Hewn Timber Cabins
African-American Life in Rural South Carolina, 1840's to 1950's
African Americans were brought to the farm of J. Eli Gregg in 1836 to raise cotton. Additionally, they had to construct the farm buildings and cabins for their own housing. These two remaining cabins, along with six others, were built beside a sandy road in a cotton field.
After emancipation, most of the cabins were moved to scattered locations on the farm and small additions made. The cabins remained occupied until approximately 1953. These remaining two cabins were preserved, moved to their present location on Wallace Woods Road, just off of Highway 301, and permanently reside there to honor the heritage and contributions of those who occupied them. They are listed on the National Register of Historic Places.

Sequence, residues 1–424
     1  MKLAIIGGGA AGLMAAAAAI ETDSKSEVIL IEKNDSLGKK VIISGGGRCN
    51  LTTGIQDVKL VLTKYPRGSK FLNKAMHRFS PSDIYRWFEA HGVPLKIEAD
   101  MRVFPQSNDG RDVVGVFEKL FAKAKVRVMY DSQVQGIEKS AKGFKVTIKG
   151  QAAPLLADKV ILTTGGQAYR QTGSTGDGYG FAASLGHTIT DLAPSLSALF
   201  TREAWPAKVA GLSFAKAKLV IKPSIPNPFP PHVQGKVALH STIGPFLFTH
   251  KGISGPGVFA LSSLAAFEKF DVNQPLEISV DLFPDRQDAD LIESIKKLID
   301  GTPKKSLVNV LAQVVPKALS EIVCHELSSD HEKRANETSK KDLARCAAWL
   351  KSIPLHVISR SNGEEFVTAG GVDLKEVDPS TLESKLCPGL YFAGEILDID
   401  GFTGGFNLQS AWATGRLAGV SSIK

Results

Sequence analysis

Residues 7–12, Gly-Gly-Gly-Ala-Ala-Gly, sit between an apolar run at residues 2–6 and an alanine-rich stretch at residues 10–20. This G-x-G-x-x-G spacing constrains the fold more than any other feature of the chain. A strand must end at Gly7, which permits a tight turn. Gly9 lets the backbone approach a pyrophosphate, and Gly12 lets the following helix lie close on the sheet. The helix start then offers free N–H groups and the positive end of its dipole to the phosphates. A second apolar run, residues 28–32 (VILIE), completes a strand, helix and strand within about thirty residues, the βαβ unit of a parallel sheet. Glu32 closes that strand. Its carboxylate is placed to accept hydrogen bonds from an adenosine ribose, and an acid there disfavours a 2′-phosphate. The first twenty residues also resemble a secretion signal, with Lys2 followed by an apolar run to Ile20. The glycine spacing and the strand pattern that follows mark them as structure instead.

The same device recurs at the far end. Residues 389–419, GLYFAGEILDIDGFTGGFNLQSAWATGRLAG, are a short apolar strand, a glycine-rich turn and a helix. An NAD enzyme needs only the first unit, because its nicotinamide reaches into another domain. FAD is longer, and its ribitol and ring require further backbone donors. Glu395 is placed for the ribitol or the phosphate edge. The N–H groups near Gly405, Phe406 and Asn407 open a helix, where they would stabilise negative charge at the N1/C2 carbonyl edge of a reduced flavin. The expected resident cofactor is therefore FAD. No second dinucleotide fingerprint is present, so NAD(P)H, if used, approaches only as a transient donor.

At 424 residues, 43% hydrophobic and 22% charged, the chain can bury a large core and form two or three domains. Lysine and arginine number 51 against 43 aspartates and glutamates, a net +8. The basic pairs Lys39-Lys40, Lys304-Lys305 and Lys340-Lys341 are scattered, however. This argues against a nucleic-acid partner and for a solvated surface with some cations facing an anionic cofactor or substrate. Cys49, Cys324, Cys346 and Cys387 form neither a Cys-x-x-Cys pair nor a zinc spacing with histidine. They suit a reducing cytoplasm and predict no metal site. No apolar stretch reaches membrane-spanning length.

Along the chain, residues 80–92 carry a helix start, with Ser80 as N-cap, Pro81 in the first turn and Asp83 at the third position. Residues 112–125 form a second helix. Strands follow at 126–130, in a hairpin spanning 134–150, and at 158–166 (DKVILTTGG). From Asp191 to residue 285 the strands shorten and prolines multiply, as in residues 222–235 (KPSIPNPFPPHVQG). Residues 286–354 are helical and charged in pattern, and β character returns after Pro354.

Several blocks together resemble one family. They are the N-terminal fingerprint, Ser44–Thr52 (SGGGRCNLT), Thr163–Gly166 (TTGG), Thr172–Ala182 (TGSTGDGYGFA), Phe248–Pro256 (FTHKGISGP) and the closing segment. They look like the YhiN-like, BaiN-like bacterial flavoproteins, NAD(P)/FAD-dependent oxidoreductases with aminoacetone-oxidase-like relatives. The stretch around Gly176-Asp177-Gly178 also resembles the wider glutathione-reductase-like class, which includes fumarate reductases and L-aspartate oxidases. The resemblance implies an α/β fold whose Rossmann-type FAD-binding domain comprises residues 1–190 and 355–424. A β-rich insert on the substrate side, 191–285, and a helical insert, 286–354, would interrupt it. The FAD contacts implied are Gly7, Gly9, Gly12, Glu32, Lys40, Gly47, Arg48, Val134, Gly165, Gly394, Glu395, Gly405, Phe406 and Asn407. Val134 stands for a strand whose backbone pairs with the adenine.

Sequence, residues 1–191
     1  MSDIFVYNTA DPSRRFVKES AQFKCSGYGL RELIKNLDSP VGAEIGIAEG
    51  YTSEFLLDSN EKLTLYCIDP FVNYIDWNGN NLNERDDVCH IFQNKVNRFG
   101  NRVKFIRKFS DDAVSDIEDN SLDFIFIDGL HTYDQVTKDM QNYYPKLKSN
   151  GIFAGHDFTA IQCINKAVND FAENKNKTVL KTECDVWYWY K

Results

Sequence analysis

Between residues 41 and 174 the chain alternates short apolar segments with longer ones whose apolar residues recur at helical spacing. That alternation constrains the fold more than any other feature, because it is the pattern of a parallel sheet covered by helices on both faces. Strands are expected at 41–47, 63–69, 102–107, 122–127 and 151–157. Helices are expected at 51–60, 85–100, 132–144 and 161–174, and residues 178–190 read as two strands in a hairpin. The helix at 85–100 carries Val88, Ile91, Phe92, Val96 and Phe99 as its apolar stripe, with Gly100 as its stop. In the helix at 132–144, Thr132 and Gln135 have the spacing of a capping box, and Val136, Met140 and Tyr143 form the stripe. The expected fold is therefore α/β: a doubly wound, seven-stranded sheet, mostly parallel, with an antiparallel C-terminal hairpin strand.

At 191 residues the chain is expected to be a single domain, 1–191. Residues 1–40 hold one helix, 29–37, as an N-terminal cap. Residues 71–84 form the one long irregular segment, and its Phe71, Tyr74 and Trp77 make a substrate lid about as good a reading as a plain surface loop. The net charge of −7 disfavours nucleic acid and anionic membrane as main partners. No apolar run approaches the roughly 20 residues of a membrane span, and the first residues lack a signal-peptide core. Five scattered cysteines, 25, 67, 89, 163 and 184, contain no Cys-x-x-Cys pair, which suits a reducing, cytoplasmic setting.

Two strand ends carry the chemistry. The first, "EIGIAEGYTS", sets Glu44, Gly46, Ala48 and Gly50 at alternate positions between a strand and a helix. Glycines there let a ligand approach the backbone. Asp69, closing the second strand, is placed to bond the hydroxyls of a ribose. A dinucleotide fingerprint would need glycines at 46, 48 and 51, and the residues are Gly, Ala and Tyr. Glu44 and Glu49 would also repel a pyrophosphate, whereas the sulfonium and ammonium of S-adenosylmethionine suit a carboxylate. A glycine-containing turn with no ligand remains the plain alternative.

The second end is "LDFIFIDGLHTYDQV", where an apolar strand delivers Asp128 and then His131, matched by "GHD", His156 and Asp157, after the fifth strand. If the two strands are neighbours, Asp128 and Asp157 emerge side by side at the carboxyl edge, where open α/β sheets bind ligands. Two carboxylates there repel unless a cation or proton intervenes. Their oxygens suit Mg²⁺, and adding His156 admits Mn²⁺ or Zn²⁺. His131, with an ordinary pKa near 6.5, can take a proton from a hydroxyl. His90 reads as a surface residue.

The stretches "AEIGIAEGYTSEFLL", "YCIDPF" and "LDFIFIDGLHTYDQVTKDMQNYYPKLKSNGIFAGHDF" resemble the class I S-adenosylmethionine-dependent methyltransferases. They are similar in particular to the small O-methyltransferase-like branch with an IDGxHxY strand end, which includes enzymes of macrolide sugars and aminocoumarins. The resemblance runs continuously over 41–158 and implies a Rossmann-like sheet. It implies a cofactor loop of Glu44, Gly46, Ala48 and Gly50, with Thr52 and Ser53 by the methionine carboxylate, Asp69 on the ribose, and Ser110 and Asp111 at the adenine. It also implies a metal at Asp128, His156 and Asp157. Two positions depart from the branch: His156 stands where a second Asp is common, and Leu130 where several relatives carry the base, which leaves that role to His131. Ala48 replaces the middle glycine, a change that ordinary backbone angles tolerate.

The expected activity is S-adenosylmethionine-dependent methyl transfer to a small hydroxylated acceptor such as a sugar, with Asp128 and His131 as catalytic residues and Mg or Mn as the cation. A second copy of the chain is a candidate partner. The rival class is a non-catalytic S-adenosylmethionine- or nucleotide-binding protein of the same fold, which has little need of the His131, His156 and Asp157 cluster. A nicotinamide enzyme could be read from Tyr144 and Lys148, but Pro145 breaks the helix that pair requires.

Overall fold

Tour the Hewn Timber Cabins at FMU
The cabins are open from March until November, with guided tours available by appointment Monday through Friday, 10:30 a.m. to 2:30 p.m. Each tour lasts about an hour. To schedule tour call 843-661-1300 or email email@example.com.